The Virginia Institute of Psychiatric and Behavioral Genetics was created in 1996 bringing together two research groups who have been collaborating since the early 1980s led respectively by Lindon Eaves, D.Sc. in the Department of Human Genetics and myself, Kenneth Kendler, M.D., Director, in the Department of Psychiatry. Now nearly two decades later the VIPBG is a thriving, multi-disciplinary research institute devoted to understanding the etiology of psychiatric and substance abuse disorders and other major biomedical conditions with substantial behavioral components using a range of genetically informed methods.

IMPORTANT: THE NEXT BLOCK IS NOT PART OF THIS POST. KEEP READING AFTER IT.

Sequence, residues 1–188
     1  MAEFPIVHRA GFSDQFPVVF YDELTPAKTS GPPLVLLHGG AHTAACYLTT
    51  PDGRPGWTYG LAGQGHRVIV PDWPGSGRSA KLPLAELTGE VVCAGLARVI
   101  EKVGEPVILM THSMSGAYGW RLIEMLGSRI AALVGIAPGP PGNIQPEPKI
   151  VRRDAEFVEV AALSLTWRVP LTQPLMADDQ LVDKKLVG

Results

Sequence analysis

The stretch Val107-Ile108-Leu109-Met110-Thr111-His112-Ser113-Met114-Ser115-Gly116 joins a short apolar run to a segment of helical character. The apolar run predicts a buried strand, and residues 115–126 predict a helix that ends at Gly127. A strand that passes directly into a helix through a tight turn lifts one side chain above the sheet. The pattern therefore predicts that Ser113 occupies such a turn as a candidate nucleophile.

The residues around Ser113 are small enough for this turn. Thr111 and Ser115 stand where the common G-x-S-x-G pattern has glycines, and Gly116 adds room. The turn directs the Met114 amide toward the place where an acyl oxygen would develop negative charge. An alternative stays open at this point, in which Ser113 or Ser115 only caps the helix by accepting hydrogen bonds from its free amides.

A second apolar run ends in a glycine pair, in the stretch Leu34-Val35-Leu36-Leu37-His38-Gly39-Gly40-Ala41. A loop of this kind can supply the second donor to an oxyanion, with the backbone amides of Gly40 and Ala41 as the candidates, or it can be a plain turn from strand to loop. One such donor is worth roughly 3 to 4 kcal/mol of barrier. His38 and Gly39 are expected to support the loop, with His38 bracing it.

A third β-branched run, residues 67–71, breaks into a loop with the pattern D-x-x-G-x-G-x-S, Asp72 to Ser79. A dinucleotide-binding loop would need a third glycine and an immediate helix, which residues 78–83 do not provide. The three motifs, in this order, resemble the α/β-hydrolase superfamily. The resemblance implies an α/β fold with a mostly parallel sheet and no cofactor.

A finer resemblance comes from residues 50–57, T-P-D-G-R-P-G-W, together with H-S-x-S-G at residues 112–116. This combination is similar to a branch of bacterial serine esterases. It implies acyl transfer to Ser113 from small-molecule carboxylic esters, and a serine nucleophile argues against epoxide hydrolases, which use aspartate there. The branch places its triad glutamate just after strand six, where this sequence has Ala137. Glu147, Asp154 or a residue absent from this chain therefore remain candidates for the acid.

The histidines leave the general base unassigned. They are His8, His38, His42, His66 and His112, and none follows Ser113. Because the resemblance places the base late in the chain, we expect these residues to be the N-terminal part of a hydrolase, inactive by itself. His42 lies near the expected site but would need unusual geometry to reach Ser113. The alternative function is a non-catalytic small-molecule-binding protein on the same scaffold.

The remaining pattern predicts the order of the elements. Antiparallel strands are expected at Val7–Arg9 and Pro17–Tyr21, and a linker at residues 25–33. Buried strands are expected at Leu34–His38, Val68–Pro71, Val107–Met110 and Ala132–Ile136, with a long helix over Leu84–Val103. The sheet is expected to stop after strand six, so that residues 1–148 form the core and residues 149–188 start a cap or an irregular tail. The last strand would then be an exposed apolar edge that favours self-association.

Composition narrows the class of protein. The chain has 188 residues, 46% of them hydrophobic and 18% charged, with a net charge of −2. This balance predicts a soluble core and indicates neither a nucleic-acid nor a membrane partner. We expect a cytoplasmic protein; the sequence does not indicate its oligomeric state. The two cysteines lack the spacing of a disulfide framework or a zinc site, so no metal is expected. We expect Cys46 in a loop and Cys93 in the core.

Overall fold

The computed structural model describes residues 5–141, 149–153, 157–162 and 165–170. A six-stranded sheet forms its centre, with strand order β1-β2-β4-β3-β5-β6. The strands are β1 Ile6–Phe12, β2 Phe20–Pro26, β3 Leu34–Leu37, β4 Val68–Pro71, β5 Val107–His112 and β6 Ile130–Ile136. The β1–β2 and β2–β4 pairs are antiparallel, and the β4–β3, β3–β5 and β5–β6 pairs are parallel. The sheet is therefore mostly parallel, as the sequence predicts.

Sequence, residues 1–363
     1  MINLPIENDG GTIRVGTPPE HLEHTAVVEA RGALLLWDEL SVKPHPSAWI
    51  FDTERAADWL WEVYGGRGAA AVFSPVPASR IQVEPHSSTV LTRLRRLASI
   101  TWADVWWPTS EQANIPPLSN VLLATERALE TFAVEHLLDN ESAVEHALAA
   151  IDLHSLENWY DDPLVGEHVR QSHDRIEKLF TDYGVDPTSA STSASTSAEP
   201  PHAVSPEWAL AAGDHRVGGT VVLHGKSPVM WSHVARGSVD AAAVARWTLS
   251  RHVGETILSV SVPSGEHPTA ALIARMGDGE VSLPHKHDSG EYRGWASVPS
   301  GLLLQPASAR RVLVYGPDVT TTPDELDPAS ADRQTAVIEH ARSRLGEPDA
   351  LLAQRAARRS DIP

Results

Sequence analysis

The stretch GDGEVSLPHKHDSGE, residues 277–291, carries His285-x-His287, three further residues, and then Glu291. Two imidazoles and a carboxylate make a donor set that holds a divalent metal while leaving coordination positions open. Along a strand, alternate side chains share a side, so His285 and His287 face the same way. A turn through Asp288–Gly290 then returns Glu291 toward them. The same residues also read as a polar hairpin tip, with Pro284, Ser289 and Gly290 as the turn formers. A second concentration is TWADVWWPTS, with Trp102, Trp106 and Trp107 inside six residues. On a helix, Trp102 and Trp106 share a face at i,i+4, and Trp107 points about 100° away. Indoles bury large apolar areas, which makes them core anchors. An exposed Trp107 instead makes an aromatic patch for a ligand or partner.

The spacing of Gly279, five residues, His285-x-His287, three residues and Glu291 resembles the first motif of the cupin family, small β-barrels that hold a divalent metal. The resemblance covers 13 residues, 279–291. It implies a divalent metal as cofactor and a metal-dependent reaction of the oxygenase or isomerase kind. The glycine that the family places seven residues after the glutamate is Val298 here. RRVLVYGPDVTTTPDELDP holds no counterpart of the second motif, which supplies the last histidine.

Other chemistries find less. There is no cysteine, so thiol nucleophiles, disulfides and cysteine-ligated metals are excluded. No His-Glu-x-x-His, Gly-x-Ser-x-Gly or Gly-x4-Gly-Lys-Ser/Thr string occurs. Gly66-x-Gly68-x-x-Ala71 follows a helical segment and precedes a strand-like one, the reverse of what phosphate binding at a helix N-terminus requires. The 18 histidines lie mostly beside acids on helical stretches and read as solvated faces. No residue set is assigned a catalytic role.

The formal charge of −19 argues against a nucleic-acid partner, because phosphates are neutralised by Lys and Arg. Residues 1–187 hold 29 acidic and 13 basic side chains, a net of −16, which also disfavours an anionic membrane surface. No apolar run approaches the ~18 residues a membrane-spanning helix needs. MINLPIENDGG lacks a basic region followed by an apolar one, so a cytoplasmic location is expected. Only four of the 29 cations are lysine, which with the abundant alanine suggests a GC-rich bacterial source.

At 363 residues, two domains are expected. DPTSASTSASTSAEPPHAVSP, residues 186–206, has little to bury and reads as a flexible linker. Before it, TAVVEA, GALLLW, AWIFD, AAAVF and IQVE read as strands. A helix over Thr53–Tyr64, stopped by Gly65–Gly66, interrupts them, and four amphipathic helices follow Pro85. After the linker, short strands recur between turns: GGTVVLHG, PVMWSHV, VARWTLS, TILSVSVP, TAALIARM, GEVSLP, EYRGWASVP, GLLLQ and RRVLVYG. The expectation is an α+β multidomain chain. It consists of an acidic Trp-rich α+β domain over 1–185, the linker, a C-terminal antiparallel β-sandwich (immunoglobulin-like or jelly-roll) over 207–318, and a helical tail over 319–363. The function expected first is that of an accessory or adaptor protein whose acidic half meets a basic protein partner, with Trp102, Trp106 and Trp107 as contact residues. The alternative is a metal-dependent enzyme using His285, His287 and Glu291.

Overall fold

Our faculty has expertise in all the major areas of research needed to conduct the highest quality of research in psychiatric and behavioral genetics including: i) sample collection, including ascertainment, psychiatric diagnosis and assessment and neuro-psychological endophenotype assessment; ii) statistics and statistical genetics, from genetic epidemiology to the analysis of whole genome sequence and human brain imaging data; iii) molecular genetics from single marker genotypes to genome-wide datasets; iv) bioinformatics ranging from annotation and functional prediction to the use of “omics’ datasets to inform genome-wide analyses. VIPBG faculty have substantial levels of funding from a range of NIH institutes and private foundations as well as a wide array of national and international collaborations with academic and other centers in Australia, China, the United Kingdom, the Netherlands, Ireland, Norway, Sweden, Finland and Belgium.